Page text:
Ephphatha: The Power of Knowledge

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Listening with the Heart

What is it that you are not hearing properly? What is it God has been saying to you for a long time that you refuse to hear? What is it you have allowed yourself to become deaf to? Once that happens, Jesus will also help you speak His words of truth and love. Reflect, today, upon how open you are to hearing the voice of God.

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We all struggle at times with listening, and we especially may struggle listening to God. Spend some time alone with our Lord and let Him heal you so that you can hear and understand all that He is saying to you. Lord, I do not always listen to You. Please speak Your words of healing to me so that I can hear You more clearly.


In hearing You, may I listen to all that You have to say. Jesus, I trust in You. Series My Catholic Faith! My Catholic Worship! The human body, however, is especially relevant to sacramental meaning. In Doctrina Christiana , Augustine divides signs into natural and made signs. Natural signs, apart from any intention to use them as signs, still lead to the knowledge of something else— for example, smoke indicating fire, the footprint of an animal, or the countenance of an angry man.

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Conventional signs, on the other hand, are signs that people use to show, as well as they can, their feelings, perceptions, or thoughts. As Augustine points out, a human being is also a sign, a sign in the image of God.

In the Mass, signs formed with the human body are at one and the same time natural signs and conventional signs, telling the stories of Scripture and performing the rituals of the Church in human-constructed language. This is true for spoken words in a Mass as well, but seeing sign language as the body in action epitomizes the truth of this explanation. In 20 th century rhetorical theory, much is made of the sign and its forms in human communication. Kenneth Burke, arguably the most influential 20 th century rhetorical scholar, defined rhetoric as symbolic communication that induces identification in humans, making them consubstantial with each other.

When an audience receives religious communication in visual language through a deaf signer, that audience identifies with the deaf body as human in the most complete sense. For Burke, the definition of form in communication is: the evoking and fulfillment of desire.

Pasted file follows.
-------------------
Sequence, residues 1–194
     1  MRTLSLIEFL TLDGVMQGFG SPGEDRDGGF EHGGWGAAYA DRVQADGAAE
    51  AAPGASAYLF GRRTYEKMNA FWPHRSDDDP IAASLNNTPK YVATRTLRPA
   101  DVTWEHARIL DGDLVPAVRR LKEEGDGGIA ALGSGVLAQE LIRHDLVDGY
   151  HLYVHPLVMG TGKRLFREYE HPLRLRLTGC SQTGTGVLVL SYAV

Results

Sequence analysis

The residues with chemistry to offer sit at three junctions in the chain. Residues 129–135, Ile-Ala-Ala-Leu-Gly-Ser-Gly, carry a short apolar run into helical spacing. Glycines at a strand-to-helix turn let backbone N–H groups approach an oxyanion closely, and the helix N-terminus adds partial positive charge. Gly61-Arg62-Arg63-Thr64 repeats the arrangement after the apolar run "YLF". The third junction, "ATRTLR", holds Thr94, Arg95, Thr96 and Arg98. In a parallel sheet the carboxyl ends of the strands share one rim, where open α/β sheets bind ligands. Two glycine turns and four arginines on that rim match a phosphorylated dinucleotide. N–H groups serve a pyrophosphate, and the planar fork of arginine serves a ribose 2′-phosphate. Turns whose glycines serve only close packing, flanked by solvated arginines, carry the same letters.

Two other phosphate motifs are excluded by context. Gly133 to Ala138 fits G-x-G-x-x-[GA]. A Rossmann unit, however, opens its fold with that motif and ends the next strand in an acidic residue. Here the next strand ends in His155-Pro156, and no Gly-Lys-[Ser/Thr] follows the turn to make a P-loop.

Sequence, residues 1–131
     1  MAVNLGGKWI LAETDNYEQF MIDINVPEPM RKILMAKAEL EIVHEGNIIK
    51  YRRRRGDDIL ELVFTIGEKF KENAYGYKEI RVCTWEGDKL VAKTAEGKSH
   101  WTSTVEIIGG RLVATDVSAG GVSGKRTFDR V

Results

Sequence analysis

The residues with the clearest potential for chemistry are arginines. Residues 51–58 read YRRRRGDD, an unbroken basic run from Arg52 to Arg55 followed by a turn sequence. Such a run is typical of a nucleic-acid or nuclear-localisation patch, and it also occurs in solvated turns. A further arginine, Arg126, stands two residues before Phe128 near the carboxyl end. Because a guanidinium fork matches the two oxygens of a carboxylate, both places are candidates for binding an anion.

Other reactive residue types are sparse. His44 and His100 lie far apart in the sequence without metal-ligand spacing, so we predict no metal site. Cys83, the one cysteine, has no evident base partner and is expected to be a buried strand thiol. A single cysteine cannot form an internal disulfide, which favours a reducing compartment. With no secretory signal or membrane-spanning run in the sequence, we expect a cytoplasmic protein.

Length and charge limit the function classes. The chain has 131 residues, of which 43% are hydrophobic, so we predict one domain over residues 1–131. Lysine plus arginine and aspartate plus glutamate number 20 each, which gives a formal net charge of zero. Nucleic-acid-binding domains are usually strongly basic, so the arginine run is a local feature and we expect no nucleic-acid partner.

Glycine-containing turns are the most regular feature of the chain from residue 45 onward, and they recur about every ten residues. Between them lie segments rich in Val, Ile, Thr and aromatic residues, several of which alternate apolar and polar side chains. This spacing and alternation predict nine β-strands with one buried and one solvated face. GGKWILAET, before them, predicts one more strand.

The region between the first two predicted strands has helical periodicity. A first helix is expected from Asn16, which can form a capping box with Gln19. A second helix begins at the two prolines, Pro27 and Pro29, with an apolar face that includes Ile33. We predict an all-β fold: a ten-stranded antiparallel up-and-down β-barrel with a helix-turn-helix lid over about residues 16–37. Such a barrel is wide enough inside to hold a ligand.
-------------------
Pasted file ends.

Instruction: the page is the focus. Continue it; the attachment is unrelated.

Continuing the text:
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When a deaf audience receives the stories of Scripture in the form of a signing lector, or the sacraments from a deaf priest, that audience more naturally desires union with what the Church represents. On the second Sunday of Lent, Fr. Joe Bruce, a deaf Jesuit currently at St. His homilies contain few long stretches of monologue and much interactive dialog. For example, he will call a teenager up and sign-and-speak a one-on-one Socratic dialog, or he will call parishioners by name, asking questions and including them as co-participants in the sermon.

This form of homily, requiring immediate engagement from the audience, stands in sharp contrast to a homily at a non-deaf parish; even a spoken homily interpreted in ASL not particularly engaging, because it is second hand. Joe usually begins with a story from his own life, a sure way for his audience to identify with him as someone who also grew up with deaf experiences.

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However, in this homily Fr. Joe focused on a sign that might stand out for the deaf audience: listen. One of the ASL signs places a hand next to the ear, as if to hear better. It is bound to strike some of the people as ironic.

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He asks the congregation if any of them have decided to do something for Lent — not many raise their hands. Why not take time, he asks, to listen? It is the person you listen to, not just the words. He gives examples of people who were good listeners: Mary, who listened to angels; Hellen Keller, who could neither hear nor see but listened through touch to her teacher Annie Sullivan; and St.

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John Vianney, who spent 12 hours a day listening to broken hearts in the confessional. Each time Fr. Joe perceives that his audience knows something about his examples, he asks them for information and confirmation, drawing out their part in the rhetorical reasoning, and giving them a vested interest in the meaning of the homily.

kick-cocoa.info/components/nivybusuz/nil-miglior-programma.php When he can tell that the audience feels united in agreement—you might say in belief, for belief is what rhetoric aims to secure—Fr. Joe proceeds with his conclusion: an exhortation to attend to God by listening not just to his words, but to the person who is present to us in the signed readings and to human beings who are the body of Christ in the church. This is how form in persuasion works.

Ephphatha: The Power of Knowledge Ephphatha: The Power of Knowledge
Ephphatha: The Power of Knowledge Ephphatha: The Power of Knowledge
Ephphatha: The Power of Knowledge Ephphatha: The Power of Knowledge
Ephphatha: The Power of Knowledge Ephphatha: The Power of Knowledge
Ephphatha: The Power of Knowledge Ephphatha: The Power of Knowledge
Ephphatha: The Power of Knowledge Ephphatha: The Power of Knowledge

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